Encouraging inclusion with LGBT communities

Bring Dementia Out was an Alzheimer's Society project to encourage dementia-awareness and inclusion in Brighton and Manchester.

What was the purpose of the activity?

Alzheimer's Society's Innovation Team worked with LGBT+ communities, people affected by dementia and organisations to explore unmet needs in terms of dementia, to develop, and test, a solution.


The Innovation Team decided to use the LIFE model.

Innovation Team LIFE model


The team looked at research and spoke to experts who have studied about the experiences of LGBT+ people and dementia. They identified that one of the main reasons people affected by dementia in LGBT+ communities had not come forward to be involved in research before, was stigma. 

How people affected by dementia were recruited to the project

The team reached out to experts and people affected by dementia involved with Alzheimer's Society and other organisations.  

  • The team put in a lot of time for engagement and building relationships and trust within the communities.
  • A lot of interest in getting involved came from reaching out through LGBT+ networks.

'The more we talked about our work, the more people came forward. I wanted to keep involvement flexible (face-to-face, over the phone, or email) so that people could be involved in the way that was most comfortable them. This took us from three people affected by dementia being involved, to over 20.'
- Natasha Howard

What happened

There were lots of ways for people to get involved in four stages of the LIFE model. For example:

  • Learn: talking to people to start to understand the challenges, and also helping to shape upcoming sessions together.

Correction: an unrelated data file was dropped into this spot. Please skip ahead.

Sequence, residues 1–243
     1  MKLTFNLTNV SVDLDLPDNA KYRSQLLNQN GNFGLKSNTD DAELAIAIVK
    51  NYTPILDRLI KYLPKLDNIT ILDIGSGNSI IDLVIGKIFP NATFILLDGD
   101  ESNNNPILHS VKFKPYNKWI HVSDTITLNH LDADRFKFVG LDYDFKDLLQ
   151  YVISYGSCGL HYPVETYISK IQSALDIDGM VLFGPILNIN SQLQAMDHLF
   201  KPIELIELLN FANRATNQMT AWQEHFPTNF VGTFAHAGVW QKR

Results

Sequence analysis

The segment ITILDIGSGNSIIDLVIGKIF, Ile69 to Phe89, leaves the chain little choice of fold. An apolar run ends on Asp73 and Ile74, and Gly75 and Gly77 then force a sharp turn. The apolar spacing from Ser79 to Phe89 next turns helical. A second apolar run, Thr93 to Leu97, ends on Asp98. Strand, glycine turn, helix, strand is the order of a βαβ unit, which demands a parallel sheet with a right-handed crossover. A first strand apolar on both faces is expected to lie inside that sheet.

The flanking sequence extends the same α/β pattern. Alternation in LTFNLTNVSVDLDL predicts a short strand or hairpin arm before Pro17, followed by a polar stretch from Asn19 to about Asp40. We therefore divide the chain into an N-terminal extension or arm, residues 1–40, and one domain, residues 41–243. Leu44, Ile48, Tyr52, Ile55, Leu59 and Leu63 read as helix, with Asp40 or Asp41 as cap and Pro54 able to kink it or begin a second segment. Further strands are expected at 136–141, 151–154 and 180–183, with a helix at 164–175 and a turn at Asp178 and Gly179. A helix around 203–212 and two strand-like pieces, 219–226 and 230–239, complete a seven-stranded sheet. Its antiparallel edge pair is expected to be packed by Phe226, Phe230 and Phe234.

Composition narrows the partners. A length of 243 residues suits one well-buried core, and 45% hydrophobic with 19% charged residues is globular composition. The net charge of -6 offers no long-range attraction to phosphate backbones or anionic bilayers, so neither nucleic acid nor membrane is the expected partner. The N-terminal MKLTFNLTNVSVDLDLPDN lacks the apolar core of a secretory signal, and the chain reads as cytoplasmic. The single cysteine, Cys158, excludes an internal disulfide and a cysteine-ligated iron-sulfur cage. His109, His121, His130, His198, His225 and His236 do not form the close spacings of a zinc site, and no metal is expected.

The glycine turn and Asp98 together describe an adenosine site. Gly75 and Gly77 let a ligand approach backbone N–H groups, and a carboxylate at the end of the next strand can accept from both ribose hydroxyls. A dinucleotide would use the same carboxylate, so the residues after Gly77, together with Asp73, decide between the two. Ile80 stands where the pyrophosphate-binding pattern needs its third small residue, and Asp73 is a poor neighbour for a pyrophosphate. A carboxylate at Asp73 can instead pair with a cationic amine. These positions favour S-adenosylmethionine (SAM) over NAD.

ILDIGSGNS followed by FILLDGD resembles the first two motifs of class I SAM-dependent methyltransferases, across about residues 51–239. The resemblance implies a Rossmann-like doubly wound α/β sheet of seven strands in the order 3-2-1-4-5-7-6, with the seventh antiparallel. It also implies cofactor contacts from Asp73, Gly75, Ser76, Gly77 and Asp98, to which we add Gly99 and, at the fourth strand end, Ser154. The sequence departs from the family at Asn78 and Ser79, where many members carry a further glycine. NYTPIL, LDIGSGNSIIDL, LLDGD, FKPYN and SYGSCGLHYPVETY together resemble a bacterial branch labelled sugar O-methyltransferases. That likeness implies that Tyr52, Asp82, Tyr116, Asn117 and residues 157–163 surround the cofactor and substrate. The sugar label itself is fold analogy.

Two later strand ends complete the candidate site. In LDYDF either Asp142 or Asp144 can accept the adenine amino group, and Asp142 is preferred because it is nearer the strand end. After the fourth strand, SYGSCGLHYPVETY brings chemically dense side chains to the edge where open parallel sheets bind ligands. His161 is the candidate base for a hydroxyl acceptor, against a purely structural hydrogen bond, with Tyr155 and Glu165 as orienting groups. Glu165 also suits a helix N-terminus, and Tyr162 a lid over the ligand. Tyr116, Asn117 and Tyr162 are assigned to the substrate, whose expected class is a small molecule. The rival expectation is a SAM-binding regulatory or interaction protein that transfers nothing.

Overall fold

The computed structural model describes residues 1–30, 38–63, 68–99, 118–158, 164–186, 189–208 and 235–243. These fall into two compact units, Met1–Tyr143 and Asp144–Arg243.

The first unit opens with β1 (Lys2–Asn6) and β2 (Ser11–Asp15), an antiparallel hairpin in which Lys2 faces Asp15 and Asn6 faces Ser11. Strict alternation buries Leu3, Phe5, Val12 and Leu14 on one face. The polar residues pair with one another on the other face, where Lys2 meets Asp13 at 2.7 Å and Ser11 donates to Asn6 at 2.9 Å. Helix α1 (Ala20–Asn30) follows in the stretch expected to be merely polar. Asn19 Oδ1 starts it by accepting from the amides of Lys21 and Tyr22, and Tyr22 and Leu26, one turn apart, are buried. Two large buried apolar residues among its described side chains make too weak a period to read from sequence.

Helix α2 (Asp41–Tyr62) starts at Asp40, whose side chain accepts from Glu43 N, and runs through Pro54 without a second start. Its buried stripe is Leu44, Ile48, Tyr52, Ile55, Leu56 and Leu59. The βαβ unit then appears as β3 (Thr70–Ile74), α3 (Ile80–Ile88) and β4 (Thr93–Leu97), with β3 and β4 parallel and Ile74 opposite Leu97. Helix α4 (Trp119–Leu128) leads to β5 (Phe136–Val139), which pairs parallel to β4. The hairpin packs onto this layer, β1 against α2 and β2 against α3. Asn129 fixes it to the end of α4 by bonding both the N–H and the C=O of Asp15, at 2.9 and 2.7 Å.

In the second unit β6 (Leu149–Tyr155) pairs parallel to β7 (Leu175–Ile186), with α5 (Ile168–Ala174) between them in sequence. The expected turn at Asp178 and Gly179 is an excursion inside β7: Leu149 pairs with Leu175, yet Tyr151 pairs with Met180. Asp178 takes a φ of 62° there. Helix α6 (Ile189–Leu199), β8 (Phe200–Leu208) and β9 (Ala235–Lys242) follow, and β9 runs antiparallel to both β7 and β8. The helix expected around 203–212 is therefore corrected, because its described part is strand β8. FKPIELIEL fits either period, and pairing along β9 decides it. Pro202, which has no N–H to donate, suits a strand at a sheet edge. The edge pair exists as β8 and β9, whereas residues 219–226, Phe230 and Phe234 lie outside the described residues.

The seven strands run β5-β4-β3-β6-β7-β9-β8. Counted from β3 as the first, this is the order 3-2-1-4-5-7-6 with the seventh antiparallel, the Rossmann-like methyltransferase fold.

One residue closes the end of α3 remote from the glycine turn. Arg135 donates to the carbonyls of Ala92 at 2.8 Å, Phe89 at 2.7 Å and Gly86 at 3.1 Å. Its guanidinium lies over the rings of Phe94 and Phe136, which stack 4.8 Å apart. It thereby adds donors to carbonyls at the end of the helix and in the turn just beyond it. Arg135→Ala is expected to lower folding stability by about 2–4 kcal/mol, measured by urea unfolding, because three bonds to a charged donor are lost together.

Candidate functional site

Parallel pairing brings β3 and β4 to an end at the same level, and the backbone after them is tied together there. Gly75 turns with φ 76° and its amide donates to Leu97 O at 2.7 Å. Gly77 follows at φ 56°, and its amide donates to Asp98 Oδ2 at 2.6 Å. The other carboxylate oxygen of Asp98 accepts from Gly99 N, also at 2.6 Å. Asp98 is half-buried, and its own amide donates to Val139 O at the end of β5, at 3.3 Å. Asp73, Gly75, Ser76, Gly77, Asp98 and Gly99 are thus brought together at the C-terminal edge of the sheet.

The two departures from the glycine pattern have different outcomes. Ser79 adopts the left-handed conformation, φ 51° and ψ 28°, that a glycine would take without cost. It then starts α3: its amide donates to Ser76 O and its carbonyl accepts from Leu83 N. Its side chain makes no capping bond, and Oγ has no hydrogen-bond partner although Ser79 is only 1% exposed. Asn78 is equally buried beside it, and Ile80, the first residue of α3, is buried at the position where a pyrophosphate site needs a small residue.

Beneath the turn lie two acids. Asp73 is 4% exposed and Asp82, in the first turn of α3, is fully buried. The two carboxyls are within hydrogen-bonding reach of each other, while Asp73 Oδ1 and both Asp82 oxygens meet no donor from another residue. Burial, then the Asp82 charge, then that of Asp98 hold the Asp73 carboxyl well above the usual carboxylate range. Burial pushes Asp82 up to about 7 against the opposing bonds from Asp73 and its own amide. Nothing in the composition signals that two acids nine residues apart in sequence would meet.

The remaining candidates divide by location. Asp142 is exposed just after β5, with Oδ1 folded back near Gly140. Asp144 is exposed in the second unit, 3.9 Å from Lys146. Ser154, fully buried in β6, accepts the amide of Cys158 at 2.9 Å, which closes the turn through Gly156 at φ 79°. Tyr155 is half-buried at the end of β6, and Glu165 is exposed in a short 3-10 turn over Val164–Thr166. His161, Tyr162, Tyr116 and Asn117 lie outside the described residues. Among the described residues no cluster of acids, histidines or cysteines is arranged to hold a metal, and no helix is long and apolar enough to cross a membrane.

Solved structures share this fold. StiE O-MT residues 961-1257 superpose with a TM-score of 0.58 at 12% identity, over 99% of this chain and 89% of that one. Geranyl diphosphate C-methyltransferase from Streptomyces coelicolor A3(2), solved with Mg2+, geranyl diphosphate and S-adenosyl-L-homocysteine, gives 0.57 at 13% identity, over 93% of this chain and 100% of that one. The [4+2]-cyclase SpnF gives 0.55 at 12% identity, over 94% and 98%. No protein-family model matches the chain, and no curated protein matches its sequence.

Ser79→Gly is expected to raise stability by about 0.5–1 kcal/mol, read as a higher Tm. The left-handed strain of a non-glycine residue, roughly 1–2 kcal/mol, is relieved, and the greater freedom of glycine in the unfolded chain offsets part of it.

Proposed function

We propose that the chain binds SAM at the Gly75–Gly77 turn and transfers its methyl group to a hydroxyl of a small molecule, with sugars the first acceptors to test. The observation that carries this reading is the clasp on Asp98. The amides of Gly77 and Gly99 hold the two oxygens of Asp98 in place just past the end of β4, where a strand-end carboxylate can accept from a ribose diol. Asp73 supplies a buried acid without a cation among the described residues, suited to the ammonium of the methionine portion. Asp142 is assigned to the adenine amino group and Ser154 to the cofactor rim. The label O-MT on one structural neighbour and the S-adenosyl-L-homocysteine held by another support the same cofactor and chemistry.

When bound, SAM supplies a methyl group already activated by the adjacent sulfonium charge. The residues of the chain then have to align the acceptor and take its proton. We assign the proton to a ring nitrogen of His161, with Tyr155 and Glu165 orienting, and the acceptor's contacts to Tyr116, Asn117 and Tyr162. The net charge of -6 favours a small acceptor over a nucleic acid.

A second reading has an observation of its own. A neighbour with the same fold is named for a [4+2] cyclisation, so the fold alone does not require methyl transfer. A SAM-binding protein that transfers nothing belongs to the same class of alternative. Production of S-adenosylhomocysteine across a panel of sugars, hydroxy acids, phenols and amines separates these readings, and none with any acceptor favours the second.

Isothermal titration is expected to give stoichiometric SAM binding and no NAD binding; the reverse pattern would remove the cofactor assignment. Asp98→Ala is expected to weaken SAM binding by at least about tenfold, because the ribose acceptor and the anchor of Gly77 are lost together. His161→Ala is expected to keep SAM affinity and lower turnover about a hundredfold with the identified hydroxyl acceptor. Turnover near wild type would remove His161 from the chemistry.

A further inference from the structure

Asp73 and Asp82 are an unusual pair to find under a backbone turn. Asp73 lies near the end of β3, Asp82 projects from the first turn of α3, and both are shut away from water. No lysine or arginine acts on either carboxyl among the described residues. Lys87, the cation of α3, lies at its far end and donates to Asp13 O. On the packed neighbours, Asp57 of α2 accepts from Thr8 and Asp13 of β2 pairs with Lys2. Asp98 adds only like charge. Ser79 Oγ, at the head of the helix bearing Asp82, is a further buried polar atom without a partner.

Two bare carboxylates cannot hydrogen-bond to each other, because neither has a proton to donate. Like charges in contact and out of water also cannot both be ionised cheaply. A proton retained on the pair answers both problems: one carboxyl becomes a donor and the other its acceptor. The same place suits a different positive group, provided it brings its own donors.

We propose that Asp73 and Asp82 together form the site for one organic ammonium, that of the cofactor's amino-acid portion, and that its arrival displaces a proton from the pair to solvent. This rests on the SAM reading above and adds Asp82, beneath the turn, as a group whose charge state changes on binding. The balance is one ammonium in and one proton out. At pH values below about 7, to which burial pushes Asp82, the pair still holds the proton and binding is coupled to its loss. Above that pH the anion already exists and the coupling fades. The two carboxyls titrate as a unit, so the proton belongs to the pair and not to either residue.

• Investigate: group discussion to learn about challenges and prioritise them was complemented by semi-structured interviews for people who could not attend the group session.  Again, there was the opportunity for people affected by dementia to influence the plans for the work.

  • Find:
    • 50 people came up with over 100 ideas for possible solutions at a creative workshop in London. The participants included people affected by dementia, Alzheimer's Society staff, representatives from the National Dementia Action Alliance, Opening Doors London, Terrance Higgins Trust and many more. LGBT+ people affected by dementia shared their stories to give a range of lived experiences to reflect on.

Bring Dementia Out workshop 2018

  • The Innovation Team reviewed all the ideas, creating a shortlist of just five ideas. More involvement activity with LGBT+ people affected by dementia built on the ideas. Then they helped develop an online survey for the wider group of people involved in the project to narrow them down to just two ideas.

  • A dragon's den style panel, including an LGBT+ person with dementia, helped in deciding which of the final two ideas would be taken forward. The person with dementia was briefed a week in advance (talking through the criteria and encouraging him to feel able to be as frank as he liked in his feedback).

Bring Dementia Out dragons den 2018

Experiment stage: The team tested 'Bring Dementia Out' in Brighton and Hove, and Greater Manchester over a two-month period, co-inciding with LGBT History Month.

LGBT+ people affected by dementia were involved in shaping this stage of the work, for example in producing and starring in a video, in testing and developing guides and posters and co-presenting at local community events.

Bring Dementia Out poster

The Results